Picture: JSE
Picture: JSE

A halt in the slide of Chinese stock markets may help the JSE escape a sixth trading day of losses on Tuesday.

Although Hong Kong’s Hang Seng index was up 0.42% ahead of the JSE’s opening, Tencent was down 0.4% — a bad omen for its shareholder Naspers, which fell 0.17% to R2,885.05 on Monday.

The JSE all share index slipped 0.35% to close at 54,219 points on Monday, taking its drop from the 61,777-point peak it reached on January 26 to 12%.

The top 40 index, which is offered as an exchange-traded fund (ETF) by various financial institutions, closed at 48,042, taking its drop from its 55,192-point peak at November 21 to 13%.

The total return of the Satrix top 40 ETF for the year to date is negative 2.8%.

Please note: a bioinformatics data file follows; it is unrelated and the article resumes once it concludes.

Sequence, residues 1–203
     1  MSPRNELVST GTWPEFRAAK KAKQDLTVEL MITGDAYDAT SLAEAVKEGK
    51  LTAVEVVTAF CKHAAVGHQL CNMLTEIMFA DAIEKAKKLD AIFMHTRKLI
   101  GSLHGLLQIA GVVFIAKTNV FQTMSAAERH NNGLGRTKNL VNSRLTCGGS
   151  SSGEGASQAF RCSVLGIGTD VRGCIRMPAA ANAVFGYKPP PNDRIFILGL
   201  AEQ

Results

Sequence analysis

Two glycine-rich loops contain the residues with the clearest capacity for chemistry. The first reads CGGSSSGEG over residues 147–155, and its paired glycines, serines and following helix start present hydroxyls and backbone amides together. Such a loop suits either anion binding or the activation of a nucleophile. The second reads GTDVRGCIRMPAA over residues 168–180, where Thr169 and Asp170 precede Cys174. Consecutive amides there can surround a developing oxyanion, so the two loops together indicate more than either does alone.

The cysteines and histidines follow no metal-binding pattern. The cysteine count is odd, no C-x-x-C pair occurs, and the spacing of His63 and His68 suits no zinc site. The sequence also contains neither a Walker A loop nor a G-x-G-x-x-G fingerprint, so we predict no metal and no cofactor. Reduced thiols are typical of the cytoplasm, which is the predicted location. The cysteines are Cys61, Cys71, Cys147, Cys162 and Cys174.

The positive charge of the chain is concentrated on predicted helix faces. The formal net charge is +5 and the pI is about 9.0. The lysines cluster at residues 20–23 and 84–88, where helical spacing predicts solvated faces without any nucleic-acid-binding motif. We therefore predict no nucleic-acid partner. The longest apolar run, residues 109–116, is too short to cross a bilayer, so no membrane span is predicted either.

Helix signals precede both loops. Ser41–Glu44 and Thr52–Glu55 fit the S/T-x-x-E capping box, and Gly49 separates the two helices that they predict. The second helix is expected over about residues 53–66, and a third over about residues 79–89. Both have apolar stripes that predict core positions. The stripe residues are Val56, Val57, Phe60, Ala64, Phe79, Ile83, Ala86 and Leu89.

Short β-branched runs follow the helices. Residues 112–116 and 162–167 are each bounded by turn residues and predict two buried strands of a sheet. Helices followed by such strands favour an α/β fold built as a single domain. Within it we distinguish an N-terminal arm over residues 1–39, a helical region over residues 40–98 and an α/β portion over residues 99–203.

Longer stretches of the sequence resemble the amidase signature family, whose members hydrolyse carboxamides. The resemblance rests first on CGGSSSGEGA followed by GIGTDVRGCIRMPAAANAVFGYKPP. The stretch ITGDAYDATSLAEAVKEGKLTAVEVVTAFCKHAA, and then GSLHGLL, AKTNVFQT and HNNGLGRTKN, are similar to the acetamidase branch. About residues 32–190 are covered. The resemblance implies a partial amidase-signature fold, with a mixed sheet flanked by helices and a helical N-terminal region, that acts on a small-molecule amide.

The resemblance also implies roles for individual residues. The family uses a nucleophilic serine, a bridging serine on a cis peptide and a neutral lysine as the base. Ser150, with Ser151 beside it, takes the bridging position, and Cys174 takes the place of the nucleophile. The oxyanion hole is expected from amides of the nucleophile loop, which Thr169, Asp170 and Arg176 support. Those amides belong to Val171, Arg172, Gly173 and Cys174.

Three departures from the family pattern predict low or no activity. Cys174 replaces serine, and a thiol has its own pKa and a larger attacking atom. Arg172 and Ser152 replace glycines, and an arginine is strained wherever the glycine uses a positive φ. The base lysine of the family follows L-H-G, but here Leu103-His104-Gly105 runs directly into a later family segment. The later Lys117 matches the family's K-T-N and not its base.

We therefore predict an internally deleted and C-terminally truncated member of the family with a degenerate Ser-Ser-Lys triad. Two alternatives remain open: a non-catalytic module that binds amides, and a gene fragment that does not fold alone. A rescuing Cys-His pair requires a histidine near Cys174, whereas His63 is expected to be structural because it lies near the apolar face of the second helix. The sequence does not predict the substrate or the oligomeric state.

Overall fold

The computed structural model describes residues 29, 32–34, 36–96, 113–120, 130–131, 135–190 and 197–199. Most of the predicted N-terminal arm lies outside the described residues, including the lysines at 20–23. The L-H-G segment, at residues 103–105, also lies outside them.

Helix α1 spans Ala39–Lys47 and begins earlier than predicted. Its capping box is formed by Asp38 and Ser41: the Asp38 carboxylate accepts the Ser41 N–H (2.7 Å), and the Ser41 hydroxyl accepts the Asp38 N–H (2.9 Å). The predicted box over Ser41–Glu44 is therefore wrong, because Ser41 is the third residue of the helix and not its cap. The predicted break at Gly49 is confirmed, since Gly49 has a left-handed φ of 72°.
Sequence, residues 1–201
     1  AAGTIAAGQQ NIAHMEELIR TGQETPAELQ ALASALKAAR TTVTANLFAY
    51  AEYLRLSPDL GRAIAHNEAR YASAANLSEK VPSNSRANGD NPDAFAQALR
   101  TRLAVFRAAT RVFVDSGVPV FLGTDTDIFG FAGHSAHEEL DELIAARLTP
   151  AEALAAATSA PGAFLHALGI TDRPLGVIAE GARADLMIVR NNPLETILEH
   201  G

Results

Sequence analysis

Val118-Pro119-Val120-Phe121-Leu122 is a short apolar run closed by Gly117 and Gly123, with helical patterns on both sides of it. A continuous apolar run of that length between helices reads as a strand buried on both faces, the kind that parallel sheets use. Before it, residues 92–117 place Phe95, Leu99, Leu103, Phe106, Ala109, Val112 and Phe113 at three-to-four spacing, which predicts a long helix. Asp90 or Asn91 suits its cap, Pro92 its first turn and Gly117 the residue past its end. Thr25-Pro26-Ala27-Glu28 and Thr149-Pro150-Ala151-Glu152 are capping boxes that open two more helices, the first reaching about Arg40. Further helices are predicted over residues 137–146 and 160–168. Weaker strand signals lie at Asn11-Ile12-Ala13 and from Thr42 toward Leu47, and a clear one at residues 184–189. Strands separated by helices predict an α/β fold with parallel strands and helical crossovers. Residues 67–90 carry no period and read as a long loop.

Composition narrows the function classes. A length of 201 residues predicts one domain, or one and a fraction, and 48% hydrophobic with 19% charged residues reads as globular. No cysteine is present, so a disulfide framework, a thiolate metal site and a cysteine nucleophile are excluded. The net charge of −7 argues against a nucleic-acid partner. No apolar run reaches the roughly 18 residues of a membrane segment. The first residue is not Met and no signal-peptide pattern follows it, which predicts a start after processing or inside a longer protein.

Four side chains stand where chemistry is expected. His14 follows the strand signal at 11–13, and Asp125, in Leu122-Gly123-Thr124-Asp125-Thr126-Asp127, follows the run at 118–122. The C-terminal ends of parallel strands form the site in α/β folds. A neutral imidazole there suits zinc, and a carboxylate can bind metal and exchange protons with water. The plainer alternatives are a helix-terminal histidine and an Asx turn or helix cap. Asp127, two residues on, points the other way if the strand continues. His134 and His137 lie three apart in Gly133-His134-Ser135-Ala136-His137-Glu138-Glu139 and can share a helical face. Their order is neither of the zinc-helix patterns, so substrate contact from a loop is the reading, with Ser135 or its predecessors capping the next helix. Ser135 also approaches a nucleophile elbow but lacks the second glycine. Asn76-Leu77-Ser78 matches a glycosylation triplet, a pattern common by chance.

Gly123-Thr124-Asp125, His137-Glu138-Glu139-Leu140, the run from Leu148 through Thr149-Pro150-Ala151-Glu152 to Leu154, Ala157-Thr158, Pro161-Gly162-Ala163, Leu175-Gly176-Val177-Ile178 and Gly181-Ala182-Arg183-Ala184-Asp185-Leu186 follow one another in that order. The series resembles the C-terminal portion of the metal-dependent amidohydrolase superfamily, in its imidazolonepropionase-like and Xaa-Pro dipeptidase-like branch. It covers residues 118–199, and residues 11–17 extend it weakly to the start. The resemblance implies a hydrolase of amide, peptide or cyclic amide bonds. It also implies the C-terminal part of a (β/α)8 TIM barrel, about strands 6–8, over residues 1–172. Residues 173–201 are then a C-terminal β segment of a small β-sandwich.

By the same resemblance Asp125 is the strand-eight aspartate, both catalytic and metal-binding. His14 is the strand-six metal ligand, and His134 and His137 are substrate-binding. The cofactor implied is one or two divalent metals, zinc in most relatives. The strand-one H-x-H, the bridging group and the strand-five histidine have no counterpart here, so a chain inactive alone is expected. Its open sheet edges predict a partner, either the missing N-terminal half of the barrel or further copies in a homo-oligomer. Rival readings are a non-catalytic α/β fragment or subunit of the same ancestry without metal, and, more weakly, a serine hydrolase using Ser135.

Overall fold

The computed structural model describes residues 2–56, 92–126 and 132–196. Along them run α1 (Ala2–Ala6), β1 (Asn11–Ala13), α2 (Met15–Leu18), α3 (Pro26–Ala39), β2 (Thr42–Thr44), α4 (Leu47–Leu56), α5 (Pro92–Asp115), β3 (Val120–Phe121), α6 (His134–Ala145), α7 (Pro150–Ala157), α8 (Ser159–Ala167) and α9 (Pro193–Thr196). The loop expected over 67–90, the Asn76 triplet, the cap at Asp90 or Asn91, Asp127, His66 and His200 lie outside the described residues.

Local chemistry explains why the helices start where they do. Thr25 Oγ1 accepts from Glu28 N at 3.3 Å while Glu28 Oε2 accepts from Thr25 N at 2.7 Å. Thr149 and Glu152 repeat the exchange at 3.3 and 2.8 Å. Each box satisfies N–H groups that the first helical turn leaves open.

Of the various JSE sector indices offered as ETFs, Satrix Resi, which tracks the index of the JSE’s 10 largest mining companies, has done best with a total return of 19% for the year to date.

Property has been the JSE’s worst performer so far in 2018, with the listed property index tracker offered by CoreShares down 22%, followed by Satrix’s industrial index tracker, which is down 15%.

Agricultural investment holding company Zeder said on October 1 that it expected to report on Tuesday an up to sevenfold increase in interim headline earnings per share (HEPS) for the six months to end-August.

Zeder said the jump in HEPS was thanks to a strong recovery in most of its underlying companies. Profit was also boosted by the sale of Capespan’s 9% stake in Chinese fruit producer Joy Wing Mau for about R1.2bn.

Growth in basic and attributable earnings per share would be about half of the growth in HEPS due to booking a goodwill charge for Agrivision, the trading statement said.

The rand was trading at R14.86 to the dollar, R17.09 to the euro, and R19.48 to the pound at 7am.